EDM, or Electronic Dance Music, has a bit of a bad reputation. People argue that artists like Skrillex, Flume and Cashmere Cat are just sounds made on a computer, fabricated by anyone who knows how to press buttons. The frequenters of such concerts typically are college frat boys who reek of alcohol and overdose on LSD. While there may be a higher percentage of said social groups at EDM concerts in comparison to Taylor Swift concerts circa 2010, the said indicators of EDM do not describe Girraffage.
Listening to Girraffage, the stage name of music producer Charlie Yin, is an electronica, dream pop, lo-fi experience. Yin is an Asian-American of Taiwanese descent from San Jose, California and a graduate of the University of California Berkeley with a degree in political economics. He creates glowing, ambient and sensual synths combined with R&B and hip-hop elements.
Girraffage is on his “No Reason” tour and played in Boston last Thursday at Brighton Music Hall. The two openers, ROBOKID and Spazzkid, unfortunately missed the mark. While Giraffage, Spazzkid and ROBOKID are all considered “EDM,” they all touch on different points within the spectrum of the genre. ROBOKID’s mixes were incohesive in every sense, a mess of digital sounds. Spazzkid offered fun Flume-like music that was easy to dance to but in reality was just a combination of already well-known songs with very little original flair.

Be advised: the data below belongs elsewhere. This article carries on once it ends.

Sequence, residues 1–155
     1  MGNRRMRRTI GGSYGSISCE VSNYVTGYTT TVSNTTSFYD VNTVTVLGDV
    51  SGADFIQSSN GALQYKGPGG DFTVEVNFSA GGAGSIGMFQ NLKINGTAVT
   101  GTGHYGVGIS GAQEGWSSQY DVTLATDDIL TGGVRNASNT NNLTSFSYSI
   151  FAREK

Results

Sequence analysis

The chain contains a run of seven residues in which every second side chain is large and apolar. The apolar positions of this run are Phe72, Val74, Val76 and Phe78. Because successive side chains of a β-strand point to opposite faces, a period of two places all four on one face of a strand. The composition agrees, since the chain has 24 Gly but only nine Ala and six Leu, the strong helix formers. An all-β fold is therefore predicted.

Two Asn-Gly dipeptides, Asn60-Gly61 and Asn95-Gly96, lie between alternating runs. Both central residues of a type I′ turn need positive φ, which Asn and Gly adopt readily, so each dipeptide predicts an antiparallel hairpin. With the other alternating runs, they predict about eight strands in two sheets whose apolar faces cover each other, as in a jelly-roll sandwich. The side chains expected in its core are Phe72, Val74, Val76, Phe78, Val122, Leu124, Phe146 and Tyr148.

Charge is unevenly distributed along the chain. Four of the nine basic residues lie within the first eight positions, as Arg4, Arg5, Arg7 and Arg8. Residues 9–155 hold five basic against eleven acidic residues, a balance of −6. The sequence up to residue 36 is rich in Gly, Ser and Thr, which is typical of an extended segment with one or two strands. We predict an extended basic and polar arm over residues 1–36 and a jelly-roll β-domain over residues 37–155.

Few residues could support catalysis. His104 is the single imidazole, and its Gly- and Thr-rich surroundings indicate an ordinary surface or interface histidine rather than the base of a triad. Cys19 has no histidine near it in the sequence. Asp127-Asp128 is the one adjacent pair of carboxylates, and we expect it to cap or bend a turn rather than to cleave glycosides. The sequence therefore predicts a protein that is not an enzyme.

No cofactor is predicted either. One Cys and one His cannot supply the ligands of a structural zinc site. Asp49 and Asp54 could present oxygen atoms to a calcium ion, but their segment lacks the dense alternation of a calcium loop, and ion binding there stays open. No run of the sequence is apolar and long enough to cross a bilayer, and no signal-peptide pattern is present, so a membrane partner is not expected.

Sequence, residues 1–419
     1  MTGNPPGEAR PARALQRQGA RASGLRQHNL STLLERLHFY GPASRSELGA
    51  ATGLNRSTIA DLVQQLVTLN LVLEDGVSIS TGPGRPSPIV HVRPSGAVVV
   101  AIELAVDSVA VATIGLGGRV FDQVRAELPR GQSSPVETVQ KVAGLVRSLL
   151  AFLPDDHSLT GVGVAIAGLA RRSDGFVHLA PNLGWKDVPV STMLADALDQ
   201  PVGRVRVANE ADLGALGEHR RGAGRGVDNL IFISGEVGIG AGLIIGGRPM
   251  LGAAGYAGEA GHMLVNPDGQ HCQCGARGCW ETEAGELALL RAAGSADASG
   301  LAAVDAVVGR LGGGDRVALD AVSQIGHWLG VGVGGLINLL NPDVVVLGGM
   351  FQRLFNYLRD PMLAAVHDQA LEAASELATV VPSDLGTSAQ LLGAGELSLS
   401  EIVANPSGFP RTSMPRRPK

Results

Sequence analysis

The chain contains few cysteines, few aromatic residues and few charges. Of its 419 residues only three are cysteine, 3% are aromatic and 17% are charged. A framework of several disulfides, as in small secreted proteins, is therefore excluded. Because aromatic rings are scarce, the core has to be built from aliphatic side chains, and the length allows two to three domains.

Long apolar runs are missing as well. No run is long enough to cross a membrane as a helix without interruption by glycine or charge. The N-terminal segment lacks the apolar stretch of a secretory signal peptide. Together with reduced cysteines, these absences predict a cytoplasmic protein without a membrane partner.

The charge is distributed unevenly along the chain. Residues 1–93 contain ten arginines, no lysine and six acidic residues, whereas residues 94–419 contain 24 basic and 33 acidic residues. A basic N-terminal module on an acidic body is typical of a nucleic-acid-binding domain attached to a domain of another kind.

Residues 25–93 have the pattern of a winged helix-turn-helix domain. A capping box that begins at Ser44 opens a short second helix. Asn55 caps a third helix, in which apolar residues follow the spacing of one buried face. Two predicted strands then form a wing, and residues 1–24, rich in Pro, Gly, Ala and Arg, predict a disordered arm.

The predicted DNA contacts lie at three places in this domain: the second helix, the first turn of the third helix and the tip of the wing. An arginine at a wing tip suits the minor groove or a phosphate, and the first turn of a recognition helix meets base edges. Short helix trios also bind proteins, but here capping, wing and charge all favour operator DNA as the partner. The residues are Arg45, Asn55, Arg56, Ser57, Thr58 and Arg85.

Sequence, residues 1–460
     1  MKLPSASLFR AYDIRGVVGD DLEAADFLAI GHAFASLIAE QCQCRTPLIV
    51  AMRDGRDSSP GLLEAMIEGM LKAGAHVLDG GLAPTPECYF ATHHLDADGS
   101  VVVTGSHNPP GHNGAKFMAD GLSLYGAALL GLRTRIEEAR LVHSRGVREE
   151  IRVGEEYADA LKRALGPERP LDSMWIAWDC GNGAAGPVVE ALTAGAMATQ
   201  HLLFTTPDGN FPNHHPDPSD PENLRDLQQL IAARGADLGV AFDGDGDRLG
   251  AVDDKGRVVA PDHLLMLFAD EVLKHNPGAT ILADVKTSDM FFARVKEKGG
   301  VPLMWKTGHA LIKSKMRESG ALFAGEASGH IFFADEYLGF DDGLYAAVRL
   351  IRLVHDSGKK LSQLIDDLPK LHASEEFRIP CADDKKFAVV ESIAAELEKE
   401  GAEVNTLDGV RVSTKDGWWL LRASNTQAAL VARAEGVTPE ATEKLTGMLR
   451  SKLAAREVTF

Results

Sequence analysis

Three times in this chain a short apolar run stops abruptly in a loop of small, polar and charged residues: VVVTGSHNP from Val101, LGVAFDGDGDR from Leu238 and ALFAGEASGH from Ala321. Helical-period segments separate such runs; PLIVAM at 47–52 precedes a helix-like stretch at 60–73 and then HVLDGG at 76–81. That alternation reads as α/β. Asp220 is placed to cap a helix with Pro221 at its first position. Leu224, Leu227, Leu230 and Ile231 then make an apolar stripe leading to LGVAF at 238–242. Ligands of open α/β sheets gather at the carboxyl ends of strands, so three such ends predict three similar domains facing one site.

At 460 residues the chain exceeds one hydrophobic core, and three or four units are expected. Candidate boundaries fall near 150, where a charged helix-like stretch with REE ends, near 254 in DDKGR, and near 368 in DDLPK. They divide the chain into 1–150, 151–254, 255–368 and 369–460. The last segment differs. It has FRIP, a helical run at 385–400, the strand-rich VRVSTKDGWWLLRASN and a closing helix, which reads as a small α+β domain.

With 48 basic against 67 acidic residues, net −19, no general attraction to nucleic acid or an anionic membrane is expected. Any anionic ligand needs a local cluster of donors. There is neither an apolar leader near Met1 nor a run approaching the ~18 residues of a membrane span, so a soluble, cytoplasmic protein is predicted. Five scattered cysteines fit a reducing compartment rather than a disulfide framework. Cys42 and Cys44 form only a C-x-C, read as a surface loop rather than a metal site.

Yet once Girraffage came on stage and the lights went almost dark, apart from the rainbow of blue and pink auras, the room completely transformed. An organic buzz rippled through the room, and Giraffage opened with “All That Matters,” my personal favorite of his. The visuals, as with most electronic dance concerts, were out of this world. Near-psychedelic puppies floated across techno and ambient screens. Sometimes videos clips of reality would be thrown in, showing a talk show host with dogs, which would further drive the concert-goers into an extreme state of reflection and euphoria. Girraffage himself was chill amid the ecastic and hyper crowd. At times he would jump up and down, swept up in the excitement of his fans, but he would usually sway back and forth, bringing his own aura to the show.
The music itself was fresh and rich with samples. He remixed from a wide array of singles, most ridiculously “Don’t Wait” by Mapei. His music fostered a dream-like state within reality, with a combinration of an exciting and lush blend of his original beats, synths and the familiarity of hit songs. Some have described his electronica as the “future R&B,” and I could not agree more.
As an Asian-American in a primarily white music industry, Girraffage has shaped EDM into a superior genre and has created music beyond dropping beats and video-game beeps. While Girraffage’s tour will not circle back to Boston, his music is readily available all over the internet, so I recommend taking a listen.